Originally intended to be the premier song in the Middle and Upper School Spring Concert, the Kenyan song Jambo
has been transformed into a virtual choral presentation the likes of which are so indicative of the times we are in.
Thirty-eight Upper School Music Performance students under the direction of choral teacher Matt Harrison created videos of themselves singing the piece – in Swahili! Mr. Harrison created sound tracks for each student to use during both the practice stage and in the final recorded performance.
"The professionalism and passion of this virtual choral presentation is literally breath-taking. Our Choral Program under the direction of Matt Harrison is on par with that of higher institutions of academia, the evidence of which is the continual record-breaking number of students being selected to perform in both Regional and All-State Honor Choirs," said Head of School Bob Izzo.
The results are also inspirational, given the uplifting tempo of the song and the overall energy of the video.
“To be able to send in videos while in quarantine, and to connect with students all over the world is so cool,” said Mr. Harrison. “The students really gravitated to this piece, and it helped them remember that it’s fun to make music together.”
The spirit contained in the song lyrics was the deciding factor on selection of this particular piece to be used in a virtual choral presentation, Mr. Harrison said. “Jambo” translates to: “Hello, Mister” and “how are you.” Also incorporated is the all-time favorite phrase: "Hakuna matata," which translates to "no worries!"
“It really provides a virtual sense of community, and it’s also a point of pride in our program that we are able to sing in so many different languages,” said Mr. Harrison.
Students had to learn Swahili within their virtual classrooms. As students worked out their respective parts in the piece, Mr. Harrison would provide critical feedback. He noted that in this case, the feedback was more about facial expressions and the overall aesthetic of the video. This is Mr. Harrison’s first virtual choir.
For the technical component, Mr. Harrison sought the help of his friend, Christian Amonson, a pioneer in the filming and recording of live music.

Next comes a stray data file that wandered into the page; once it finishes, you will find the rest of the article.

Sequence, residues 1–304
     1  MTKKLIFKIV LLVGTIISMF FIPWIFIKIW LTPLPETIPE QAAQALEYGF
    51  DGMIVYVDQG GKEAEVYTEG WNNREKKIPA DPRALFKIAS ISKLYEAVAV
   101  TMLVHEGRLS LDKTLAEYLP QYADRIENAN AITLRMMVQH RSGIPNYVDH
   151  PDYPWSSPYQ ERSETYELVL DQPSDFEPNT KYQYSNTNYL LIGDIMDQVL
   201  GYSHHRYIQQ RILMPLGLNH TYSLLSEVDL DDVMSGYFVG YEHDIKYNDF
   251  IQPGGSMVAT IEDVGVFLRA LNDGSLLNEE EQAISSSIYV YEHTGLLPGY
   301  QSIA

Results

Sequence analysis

“As soon as Christian announced that he was helping to assemble virtual choirs, I was excited about the prospects of collaborating with him once again,” said Mr. Harrison.
Mr. Harrison also reached out to the song’s composer, Teddy Kalanda Harrison (no relation!), despite the considerable distance between the two Harrisons. Teddy Kalanda Harrison resides in Kenya in a village called Kaloleni (outside of Mombasa).
“Teddy has been amazingly accessible on social media and highly complimentary of the work that we're doing,” noted Mr. Harrison of the one-hour conversation the two shared. “We both agreed that music is a wonderful ambassador for our countries and a great portal to learning about each other through collaboration and mutual appreciation.”
Of the 38 students in the Upper School Music Performance class, 33 earned spots in the Southern Regional Honor Choir and 17 were selected to the Connecticut All State Honor Choir. Both of those impressive stats are school records.
Also impressive is that Mr. Harrison was recently asked to be the Collaborative Pianist for the National Association for Music Educators All Eastern Treble Choir (made up of students from 13 states). He is also the President Elect of the Connecticut American Choral Directors Association.Click here
to view the virtual choral presentation.Click here
to view WFSB's The Bright Spot
news coverage. Click here
to view Fox61's Send the Love Hamden Hall Sings Jambo